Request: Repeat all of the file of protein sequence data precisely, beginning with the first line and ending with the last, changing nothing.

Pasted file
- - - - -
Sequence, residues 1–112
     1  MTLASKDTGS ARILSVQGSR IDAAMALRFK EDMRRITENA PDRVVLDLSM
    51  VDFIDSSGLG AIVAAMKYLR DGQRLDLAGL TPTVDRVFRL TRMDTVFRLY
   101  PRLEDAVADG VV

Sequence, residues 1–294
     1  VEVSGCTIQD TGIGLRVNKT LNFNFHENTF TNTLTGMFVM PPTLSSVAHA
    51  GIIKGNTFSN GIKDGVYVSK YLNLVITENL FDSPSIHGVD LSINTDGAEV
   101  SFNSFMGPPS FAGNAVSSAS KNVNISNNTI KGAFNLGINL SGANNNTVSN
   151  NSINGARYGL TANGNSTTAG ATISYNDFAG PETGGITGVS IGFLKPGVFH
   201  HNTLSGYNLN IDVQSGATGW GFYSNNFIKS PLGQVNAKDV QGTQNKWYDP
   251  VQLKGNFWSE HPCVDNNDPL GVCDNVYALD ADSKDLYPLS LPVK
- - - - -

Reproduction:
Sequence, residues 1–112
     1  MTLASKDTGS ARILSVQGSR IDAAMALRFK EDMRRITENA PDRVVLDLSM
    51  VDFIDSSGLG AIVAAMKYLR DGQRLDLAGL TPTVDRVFRL TRMDTVFRLY
   101  PRLEDAVADG VV

Sequence, residues 1–294
     1  VEVSGCTIQD TGIGLRVNKT LNFNFHENTF TNTLTGMFVM PPTLSSVAHA
    51  GIIKGNTFSN GIKDGVYVSK YLNLVITENL FDSPSIHGVD LSINTDGAEV
   101  SFNSFMGPPS FAGNAVSSAS KNVNISNNTI KGAFNLGINL SGANNNTVSN
   151  NSINGARYGL TANGNSTTAG ATISYNDFAG PETGGITGVS IGFLKPGVFH
   201  HNTLSGYNLN IDVQSGATGW GFYSNNFIKS PLGQVNAKDV QGTQNKWYDP
   251  VQLKGNFWSE HPCVDNNDPL GVCDNVYALD ADSKDLYPLS LPVK